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Growing Hyacinth Bean Vine (Lablab purpureus)

Mask a bad view, cover an unsightly fence or create a colorful vertical accent in the garden with hyacinth bean vine.

This vigorous vine has purple stems, violet colored sweet pea-like flowers and 3-inch purple pods that stand out against the green leaves.

Plant the seeds directly in the garden once the night temperatures stay above 50 degrees.  Or start them indoors 4 weeks before the last spring frost. Move transplants into the garden after night temperatures are consistently 50 degrees or warmer.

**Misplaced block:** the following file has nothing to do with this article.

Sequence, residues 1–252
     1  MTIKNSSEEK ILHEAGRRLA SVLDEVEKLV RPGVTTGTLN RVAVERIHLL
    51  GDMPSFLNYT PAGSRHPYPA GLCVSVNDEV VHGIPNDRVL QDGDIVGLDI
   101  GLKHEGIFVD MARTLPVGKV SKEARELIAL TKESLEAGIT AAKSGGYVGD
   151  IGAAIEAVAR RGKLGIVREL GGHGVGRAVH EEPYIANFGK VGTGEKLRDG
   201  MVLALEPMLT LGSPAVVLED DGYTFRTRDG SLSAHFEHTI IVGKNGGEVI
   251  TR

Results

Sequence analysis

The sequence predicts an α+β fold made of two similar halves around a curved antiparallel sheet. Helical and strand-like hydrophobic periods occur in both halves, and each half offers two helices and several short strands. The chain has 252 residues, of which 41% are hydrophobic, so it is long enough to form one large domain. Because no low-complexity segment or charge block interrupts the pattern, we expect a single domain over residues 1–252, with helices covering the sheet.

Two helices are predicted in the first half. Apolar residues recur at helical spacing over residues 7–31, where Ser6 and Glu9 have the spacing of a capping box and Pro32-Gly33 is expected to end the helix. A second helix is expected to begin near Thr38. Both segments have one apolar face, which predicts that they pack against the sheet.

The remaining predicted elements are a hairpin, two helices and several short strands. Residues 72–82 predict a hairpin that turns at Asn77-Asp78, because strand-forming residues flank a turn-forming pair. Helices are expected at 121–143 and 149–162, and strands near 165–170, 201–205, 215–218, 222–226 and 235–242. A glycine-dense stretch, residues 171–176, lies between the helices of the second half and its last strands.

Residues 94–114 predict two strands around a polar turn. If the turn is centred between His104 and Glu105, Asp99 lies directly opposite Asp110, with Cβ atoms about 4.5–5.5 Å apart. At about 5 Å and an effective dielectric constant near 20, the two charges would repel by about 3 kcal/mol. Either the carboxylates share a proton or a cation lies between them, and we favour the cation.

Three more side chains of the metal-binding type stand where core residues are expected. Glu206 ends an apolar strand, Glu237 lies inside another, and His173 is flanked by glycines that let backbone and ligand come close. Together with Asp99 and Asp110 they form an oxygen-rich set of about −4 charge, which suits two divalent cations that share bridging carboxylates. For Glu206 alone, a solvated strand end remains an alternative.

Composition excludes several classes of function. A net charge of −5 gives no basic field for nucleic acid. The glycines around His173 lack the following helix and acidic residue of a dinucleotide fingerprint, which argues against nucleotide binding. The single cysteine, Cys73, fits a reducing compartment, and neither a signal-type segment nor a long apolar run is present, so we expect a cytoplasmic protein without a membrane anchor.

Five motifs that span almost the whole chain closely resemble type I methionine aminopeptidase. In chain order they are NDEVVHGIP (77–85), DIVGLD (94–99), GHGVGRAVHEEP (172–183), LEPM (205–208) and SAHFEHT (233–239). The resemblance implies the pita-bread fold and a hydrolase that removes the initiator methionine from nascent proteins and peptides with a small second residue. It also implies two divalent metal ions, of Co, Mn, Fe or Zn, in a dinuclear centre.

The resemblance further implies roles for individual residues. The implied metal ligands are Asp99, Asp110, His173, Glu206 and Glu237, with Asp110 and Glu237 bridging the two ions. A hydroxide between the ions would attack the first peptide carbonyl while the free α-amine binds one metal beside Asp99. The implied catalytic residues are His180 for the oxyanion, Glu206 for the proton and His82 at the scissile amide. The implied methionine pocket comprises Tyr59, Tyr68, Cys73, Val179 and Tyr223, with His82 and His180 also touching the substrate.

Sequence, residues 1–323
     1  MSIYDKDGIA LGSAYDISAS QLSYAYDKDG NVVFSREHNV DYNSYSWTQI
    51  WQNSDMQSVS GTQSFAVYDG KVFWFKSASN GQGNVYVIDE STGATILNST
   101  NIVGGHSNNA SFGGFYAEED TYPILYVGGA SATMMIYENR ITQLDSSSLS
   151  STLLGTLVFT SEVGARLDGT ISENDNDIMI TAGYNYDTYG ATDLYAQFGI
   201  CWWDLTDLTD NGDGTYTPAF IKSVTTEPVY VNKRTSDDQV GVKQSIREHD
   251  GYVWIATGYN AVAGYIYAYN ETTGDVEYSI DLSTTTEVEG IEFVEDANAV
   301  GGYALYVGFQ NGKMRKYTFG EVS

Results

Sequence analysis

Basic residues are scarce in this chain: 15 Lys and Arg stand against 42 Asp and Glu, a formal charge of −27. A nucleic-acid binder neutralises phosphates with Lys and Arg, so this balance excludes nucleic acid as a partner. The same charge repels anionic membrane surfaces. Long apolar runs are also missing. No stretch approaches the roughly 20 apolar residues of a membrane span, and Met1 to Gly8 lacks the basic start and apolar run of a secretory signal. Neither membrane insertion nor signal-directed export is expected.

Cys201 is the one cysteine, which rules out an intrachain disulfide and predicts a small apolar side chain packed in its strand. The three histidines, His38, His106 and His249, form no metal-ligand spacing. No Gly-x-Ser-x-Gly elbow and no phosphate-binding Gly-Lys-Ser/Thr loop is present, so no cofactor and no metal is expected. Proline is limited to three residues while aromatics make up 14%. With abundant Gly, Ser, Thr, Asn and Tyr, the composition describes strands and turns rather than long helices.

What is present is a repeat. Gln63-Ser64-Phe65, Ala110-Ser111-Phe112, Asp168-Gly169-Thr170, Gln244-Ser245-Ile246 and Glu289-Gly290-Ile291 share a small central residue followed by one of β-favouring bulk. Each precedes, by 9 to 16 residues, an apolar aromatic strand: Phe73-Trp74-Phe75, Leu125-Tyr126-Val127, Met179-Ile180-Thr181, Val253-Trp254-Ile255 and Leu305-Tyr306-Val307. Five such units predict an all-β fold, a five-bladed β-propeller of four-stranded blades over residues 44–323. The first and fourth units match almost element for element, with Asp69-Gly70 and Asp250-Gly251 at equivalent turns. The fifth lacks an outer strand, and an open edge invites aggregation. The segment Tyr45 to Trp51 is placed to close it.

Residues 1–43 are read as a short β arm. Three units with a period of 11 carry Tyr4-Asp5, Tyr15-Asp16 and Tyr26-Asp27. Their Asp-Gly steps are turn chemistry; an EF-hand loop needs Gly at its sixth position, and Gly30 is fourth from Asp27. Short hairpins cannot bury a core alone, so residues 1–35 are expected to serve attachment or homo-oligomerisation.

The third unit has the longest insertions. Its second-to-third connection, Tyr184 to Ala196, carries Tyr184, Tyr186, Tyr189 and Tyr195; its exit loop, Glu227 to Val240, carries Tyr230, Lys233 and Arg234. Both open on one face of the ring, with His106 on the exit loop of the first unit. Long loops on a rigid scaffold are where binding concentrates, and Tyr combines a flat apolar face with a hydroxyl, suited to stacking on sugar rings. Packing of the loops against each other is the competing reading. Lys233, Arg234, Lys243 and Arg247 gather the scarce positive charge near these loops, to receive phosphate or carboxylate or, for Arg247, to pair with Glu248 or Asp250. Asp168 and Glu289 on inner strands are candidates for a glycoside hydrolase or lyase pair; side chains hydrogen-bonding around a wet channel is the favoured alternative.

Grow hyacinth bean vine in full sun and train the vigorous twining stems to a tall sturdy support.

The uncooked mature dried seeds are toxic if eaten in large quantities and can cause weakness, vomiting, and convulsions. I leave the pods on the plant to dry and drop to the ground and am rewarded with seedlings the following year.

A bit more information:  According to North Carolina State Extension, the young immature pods can be cooked and eaten. You must thoroughly boil mature dried seeds and change the water several times before eating. I think I will stick with snap green beans and just enjoy hyacinth bean vine’s beauty.

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